What she's really arguing is that feelings of the type broadly called disgust are often purely irrational, and not therefore good reasons for rules. Why not? A minimum standard for 'a good reason' is that it should be based on reason, which by definition isn't purely irrational. Indeed, most modern thinkers would say it should be purely rational -- but I don't think that's right, for as we've discussed, the ancient notion of reason was able to embrace both the true and the beautiful....
The feeling of disgust does occur in children learning about sex, and also in India when some castes ponder the untouchables, and also in a wide variety of other cases. Some of this may be purely irrational; other things (like the reaction when seeing a person with a serious deformity) has an underlying reason we can grasp (a revulsion of that type might have helped our ancestors avoid a serious disease), but it is one that is irrelevant or useless in modern life. Furthermore, in acting out of disgust of this type, we are failing to treat those people who are 'untouchable' or afflicted with a deformity with the respect due to human beings.
That far, at least, her argument is surely a reasonable one: indeed, it's an argument which is wholly compatible with what the Judeo-Christian ethos that the reviewer is defending. This very principle is what took saints in to live among lepers.The problem with following her approach is that disgust -- pure or otherwise -- is a powerful motivator. It's a thing like pain in that it creates an aversion in the person experiencing it. To license it is to put a powerful weapon in the hands of the kind of bullies that occupy too much of our public space.
Today's example comes from Hustler magazine, which took a photograph of a young conservative journalist named S. E. Cupp and modified it in a way clearly designed to disgust her -- most people would be disgusted by being portrayed this way in public, in any case. The text accompanying the photo clearly label it as not a real photograph of her, so there's probably no legal way to act against the magazine; the text also makes clear that they are doing this to punish her for her political opinions.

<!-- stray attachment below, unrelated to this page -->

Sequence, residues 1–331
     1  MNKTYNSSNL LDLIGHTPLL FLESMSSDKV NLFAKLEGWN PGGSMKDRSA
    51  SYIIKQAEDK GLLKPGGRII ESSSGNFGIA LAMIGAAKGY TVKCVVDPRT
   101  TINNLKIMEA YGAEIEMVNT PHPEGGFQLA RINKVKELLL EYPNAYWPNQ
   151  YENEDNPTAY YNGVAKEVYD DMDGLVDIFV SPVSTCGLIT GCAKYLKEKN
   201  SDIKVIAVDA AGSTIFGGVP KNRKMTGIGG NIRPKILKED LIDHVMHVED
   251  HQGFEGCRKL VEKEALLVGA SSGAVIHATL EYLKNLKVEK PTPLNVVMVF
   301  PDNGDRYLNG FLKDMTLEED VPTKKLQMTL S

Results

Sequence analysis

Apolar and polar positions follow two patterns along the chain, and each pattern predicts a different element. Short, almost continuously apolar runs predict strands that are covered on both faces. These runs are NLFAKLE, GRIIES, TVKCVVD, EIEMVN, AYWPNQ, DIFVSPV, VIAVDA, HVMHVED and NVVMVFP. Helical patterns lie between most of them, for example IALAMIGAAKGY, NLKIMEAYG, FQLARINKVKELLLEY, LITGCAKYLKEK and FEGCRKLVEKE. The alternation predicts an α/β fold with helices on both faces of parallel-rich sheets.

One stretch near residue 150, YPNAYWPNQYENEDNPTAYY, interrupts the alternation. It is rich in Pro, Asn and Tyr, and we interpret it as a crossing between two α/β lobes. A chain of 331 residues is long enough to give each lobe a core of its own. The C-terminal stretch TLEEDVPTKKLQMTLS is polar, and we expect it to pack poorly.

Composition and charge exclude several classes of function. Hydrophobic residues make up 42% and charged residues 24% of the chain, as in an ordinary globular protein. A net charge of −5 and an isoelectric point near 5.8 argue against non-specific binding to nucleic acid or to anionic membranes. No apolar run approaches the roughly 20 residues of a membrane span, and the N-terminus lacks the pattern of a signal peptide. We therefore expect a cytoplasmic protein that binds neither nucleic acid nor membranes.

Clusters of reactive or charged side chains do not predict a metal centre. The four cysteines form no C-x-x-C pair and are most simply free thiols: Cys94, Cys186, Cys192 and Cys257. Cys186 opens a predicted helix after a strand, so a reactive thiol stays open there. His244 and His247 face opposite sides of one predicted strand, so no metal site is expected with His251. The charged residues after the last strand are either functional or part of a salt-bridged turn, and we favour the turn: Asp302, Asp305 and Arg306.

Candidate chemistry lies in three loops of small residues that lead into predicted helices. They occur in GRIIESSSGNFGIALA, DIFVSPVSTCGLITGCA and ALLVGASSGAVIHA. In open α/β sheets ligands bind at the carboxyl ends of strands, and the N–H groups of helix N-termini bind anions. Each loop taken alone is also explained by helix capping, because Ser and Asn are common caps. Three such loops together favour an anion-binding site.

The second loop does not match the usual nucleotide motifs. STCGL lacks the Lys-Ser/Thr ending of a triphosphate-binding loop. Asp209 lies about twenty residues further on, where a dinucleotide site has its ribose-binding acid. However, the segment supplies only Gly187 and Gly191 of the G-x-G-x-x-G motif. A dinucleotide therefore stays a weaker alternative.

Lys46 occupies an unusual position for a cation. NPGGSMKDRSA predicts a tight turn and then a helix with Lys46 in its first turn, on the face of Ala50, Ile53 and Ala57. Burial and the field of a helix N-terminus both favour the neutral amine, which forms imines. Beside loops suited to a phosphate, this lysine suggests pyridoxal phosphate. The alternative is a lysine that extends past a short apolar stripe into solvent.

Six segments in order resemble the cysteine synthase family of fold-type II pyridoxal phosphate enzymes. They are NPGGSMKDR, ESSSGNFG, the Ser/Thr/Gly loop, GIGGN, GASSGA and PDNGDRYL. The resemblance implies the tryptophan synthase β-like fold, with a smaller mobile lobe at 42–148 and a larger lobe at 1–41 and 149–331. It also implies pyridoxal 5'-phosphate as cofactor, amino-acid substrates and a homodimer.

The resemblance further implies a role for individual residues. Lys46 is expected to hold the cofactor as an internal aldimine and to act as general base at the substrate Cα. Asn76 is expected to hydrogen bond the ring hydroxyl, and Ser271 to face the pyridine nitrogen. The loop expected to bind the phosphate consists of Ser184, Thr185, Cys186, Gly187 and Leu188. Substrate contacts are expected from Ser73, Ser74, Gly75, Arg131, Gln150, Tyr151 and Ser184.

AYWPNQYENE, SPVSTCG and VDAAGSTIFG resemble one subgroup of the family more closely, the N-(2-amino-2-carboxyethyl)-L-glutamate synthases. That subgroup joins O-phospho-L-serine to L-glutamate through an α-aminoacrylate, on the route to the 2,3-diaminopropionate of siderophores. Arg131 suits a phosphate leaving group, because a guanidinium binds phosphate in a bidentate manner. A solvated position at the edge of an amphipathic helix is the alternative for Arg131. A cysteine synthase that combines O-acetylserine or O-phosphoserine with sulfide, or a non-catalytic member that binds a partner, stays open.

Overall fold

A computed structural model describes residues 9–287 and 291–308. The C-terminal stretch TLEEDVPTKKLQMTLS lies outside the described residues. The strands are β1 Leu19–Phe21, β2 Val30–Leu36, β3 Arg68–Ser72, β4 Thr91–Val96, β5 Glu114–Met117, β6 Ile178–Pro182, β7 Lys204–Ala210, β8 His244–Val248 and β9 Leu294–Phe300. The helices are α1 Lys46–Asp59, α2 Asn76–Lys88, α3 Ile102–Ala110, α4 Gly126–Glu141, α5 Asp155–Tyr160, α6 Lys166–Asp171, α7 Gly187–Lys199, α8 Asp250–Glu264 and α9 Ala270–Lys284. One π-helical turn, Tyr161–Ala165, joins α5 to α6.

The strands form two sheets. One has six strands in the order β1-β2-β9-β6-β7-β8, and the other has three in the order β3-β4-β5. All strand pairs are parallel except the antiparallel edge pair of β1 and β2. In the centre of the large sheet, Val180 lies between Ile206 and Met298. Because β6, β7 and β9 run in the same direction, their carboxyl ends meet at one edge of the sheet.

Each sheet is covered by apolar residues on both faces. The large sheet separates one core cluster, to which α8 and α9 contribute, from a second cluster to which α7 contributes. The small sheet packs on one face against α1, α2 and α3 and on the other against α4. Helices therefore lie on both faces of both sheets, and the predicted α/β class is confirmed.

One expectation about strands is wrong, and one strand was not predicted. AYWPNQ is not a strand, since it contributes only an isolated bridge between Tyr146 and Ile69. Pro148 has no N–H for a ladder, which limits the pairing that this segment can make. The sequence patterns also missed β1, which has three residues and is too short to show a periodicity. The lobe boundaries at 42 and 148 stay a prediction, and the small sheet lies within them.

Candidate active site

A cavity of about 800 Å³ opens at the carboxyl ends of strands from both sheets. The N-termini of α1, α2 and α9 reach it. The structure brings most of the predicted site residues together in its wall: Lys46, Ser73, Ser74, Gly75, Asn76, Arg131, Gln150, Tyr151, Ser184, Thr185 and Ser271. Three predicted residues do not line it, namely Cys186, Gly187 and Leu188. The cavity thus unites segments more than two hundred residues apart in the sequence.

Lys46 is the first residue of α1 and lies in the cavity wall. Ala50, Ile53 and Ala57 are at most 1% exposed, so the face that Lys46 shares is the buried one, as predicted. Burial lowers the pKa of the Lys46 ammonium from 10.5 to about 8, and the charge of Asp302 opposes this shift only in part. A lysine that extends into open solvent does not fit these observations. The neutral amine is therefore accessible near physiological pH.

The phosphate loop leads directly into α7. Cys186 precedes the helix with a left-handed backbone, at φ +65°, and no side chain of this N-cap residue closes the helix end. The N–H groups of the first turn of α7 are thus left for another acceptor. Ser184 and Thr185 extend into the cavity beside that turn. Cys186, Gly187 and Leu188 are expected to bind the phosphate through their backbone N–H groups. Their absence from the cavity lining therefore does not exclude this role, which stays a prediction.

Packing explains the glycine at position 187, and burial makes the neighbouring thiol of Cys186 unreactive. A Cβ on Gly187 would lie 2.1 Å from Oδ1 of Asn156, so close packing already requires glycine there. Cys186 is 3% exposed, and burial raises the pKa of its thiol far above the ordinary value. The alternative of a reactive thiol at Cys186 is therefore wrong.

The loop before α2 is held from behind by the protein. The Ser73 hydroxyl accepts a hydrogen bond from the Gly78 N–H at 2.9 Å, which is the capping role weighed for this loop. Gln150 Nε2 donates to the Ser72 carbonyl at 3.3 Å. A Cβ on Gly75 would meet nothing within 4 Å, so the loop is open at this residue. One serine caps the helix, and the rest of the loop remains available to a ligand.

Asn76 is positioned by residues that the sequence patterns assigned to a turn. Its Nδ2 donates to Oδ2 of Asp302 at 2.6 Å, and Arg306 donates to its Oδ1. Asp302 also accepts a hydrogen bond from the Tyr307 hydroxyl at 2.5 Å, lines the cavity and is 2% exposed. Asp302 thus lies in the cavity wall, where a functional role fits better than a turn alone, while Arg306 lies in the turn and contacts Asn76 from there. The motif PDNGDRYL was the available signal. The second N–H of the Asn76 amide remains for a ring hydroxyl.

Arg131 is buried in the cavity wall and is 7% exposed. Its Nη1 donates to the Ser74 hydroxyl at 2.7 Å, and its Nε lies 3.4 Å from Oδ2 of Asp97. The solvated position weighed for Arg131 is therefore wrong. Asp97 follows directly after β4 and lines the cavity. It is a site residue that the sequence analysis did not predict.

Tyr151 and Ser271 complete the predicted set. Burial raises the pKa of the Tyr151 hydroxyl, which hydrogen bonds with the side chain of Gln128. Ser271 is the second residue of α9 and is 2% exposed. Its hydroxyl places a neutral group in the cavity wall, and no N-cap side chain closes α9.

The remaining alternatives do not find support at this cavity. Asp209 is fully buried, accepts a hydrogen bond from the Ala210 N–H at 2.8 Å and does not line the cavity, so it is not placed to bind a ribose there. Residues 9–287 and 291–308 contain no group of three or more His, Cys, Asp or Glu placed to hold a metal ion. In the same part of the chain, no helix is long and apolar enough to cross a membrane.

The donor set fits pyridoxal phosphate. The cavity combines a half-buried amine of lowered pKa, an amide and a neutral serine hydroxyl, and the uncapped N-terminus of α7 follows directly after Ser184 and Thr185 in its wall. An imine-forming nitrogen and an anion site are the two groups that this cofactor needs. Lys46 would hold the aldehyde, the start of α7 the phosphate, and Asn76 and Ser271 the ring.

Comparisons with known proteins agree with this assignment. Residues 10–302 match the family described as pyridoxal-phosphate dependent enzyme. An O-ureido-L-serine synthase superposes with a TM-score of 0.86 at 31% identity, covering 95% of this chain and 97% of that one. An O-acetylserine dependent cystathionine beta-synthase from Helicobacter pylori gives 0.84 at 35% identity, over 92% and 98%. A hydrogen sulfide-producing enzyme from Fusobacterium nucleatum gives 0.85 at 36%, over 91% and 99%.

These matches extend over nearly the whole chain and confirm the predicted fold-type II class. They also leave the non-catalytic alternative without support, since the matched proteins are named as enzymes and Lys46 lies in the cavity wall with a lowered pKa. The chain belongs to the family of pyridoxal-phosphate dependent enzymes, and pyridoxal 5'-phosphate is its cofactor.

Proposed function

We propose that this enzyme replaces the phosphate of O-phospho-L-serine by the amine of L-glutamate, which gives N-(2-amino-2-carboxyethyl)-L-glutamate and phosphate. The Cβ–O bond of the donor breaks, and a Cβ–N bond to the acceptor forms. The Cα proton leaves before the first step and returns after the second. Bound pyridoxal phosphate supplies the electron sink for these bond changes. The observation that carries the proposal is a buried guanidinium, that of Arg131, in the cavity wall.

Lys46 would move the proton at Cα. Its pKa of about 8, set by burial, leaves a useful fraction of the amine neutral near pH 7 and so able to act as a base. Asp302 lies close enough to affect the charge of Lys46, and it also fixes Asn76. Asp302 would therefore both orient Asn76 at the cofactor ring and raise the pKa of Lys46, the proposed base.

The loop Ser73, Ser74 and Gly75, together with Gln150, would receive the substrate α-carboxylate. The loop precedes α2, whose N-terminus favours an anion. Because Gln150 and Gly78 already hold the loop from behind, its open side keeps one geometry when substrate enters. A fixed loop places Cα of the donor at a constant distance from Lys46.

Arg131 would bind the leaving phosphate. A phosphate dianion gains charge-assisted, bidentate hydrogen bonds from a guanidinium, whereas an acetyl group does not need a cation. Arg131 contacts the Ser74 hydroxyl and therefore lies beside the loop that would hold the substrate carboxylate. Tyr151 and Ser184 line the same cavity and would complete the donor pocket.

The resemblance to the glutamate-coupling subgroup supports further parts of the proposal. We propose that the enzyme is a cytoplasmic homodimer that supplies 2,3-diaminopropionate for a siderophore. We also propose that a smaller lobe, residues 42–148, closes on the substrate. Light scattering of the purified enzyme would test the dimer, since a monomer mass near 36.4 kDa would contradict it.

It is not only women who are treated this way (although as Hot Air points out, Playboy did much the same thing in 2009). We remember the case of 'Rick Santorum's Google problem,' in which a gay rights activist (and bully) decided to disgust the Santorums by linking their name to a filthy substance associated with homosexual acts. This was also a use of disgust to punish political opinions.
The old saying that 'sticks and stones may break my bones, but words will never hurt me' isn't entirely false, but it isn't entirely true either. Many people of good will are also of sensitive natures, who see the disgusting things being done and would never want it to be done to them. So, they will stay quiet and keep their heads down -- which is just what the bullies want. S. E. Cupp is surely brave enough to face it down, as Rick Santorum was, but the example of what was done to them will quiet others. Those others have every right to be in the public space as well.
Dr. Nussbaum intended for her idea to have a humane effect on the law and the public space. I cannot agree that the effect will be anything of the sort. If anything, we are already too far in that direction. There ought to be a mechanism for replying to bullies of this sort. We need a strong enough medicine that it convinces them to do what decency would compel, had not they been born without it.